Tag Archives: vegeta

Unifive Ultimate Evolution Vegeta

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My, my, what do we have here?

In America, we’ve always got kind of the short end of the stick when it comes to high quality Dragon Ball Z toys. Sure, Irwin did some okay things with the license, which I covered recently by highlighting Vegeta, one of the more popular characters from the franchise. We would even get a few imports courtesy of Jakks Pacific who brought over Bandai’s Ultimate Fighters series. Now a days, we have more access to imports and the Internet is full of retailers who will bring these things over here. Even Gamestop and Barnes & Noble carry the SH Figuarts brand.

During the mid 2000s though we were still mostly left in the dark. While Jakks was running the line into the ground, a small toy maker named Unifive was putting out some really interesting action figures based on Dragon Ball Z. Dubbed the Ultimate Evolution series, these figures aimed to capture the many different looks of the shows Saiyan characters. It started off with Goku and Vegeta and expanded to include Future Trunks and Teen Gohan. Unifive also made other Dragon Ball Z toys, but these were the only true action figures, and they’re pretty unique.

Since they had to be imported, I only purchased one – Vegeta. Had I waited for all four to be available I may have opted for Trunks or Gohan instead, but I can’t say I’m disappointed with what I have here. During this time in my life I was a recent college graduate so I didn’t have much money for toys, and the money I did mostly went towards Marvel Legends. For a long time, this Vegeta toy was the last DBZ related piece of merchandise I had bought up until recently.

As the name implies, this Vegeta is intended to be the ultimate representation of the character. It’s intended to cover all of Dragon Ball Z from the character’s first appearance in the Saiyan Saga into the Buu Saga. As you will see, it doesn’t quite hit the mark. Unifive would do a better job of reflecting this with basically all of the other characters in this line. Part of that is a willingness to include more pieces with the likes of Trunks, and part of that is simply due to the fact that a character like Goku didn’t change much through the life of the show and manga. Vegeta had basically three distinct looks:  Saiyan Saga with tail and shoulder pads, Android Saga with the vest armor and ability to go Super Saiyan, and Buu Saga without armor and the Majin Vegeta look. There are other more minor looks like Namek Vegeta or the much loved Bad Man shirt look, but I’d say those three are the most iconic.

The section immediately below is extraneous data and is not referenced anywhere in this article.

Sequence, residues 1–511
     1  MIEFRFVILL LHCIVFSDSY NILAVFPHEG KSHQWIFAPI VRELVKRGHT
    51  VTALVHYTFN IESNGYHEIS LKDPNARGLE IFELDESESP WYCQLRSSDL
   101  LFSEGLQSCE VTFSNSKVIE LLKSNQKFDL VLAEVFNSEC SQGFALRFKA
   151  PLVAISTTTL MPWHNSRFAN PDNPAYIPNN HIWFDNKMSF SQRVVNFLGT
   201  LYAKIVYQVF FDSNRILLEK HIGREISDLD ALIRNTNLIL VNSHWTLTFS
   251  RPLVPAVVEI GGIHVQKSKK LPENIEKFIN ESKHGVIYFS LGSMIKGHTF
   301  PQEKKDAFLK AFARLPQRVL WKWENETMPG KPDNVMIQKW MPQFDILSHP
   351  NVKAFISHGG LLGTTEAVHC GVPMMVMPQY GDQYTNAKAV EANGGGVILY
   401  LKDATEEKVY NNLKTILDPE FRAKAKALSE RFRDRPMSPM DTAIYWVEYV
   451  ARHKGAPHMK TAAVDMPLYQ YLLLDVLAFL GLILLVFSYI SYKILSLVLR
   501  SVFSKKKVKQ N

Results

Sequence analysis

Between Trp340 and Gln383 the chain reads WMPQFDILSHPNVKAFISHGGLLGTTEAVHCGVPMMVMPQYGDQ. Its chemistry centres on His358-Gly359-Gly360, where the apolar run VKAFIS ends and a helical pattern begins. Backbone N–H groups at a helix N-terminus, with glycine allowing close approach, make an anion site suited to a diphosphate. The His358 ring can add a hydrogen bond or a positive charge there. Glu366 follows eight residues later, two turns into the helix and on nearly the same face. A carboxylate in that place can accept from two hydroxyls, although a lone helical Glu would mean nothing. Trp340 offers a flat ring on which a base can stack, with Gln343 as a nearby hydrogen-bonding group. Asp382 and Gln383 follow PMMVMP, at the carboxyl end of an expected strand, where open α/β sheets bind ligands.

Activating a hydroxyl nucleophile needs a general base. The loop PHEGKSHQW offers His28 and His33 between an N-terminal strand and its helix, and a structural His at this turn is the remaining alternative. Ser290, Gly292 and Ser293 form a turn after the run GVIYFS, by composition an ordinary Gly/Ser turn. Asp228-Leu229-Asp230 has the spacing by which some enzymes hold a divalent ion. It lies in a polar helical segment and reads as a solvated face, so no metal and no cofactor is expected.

Unifive’s Vegeta opts to use the Android Saga Vegeta as its base and it really can’t deviate much from it. This is due to the armor being sculpted on. They could have gone with a removable chest piece and separate bare arms to approximate the Buu Saga Vegeta, or just go with a whole new torso as they would with Trunks, but they chose not to. Somewhat more frustrating is the lack of removable shoulder pads to create the Saiyan Saga look. They’re included with one of the heads, an Oozaru/Great Ape head, but not one of the normal Vegeta heads. It’s really unfortunate because the regular, black-haired head includes a removable scouter and he also comes with a removable tail and a base featuring some emerging Saibamen. It’s almost perfect, and admittedly I still do like the look of him even without the shoulder pads and skirt, but it could have been more. Also notable is that this series uses the manga for inspiration over the anime so the coloring is a little different. Vegeta is a bit darker than his anime counterpart, this choice of coloring is most notable for Trunks who had a different colored jacket in the manga. There’s a nice paint wash applied to the body that gives his muscles some added definition. The gloves and boots have a gray wash as well and there’s liberal use of shading on the armor. He’s not as brightly colored as most DBZ figures, but he still looks pretty sharp on a shelf.

Since this Vegeta does not have removable armor, he also can’t pull-off a proper Buu Saga Vegeta despite the inclusion of a Majin Vegeta head. Majin Vegeta in Saiyan armor is kind of interesting, but obviously still lacking. Ignoring the issues of authenticity, this Vegeta does boast quite a bit of accessories to make up for that. He has four heads:  normal, super saiyan, majin, and great ape. As I mentioned earlier, the great ape head includes the shoulder pads from his armor, with one being battle damaged as it were during the actual appearance of this Vegeta in the show. Since the head is molded to the shoulder pads and chest, it can’t turn, but that’s all right considering how cool it looks. Even neater, the base comes with an attachment that covers the Saibamen heads with a rock formation that a tiny representation of Goku can be placed on to give off the illusion of scaling. Vegeta also has swappable feet, the second pair being fatter than the standard to add some bulk to the ape form though they mistakenly include yellow-gold toes when that Vegeta featured all white boots. His chest and arms could use some bulking up as well, but that would obviously be a lot harder to pull off. As it stands, this a pretty neat attempt at an oozaru Vegeta.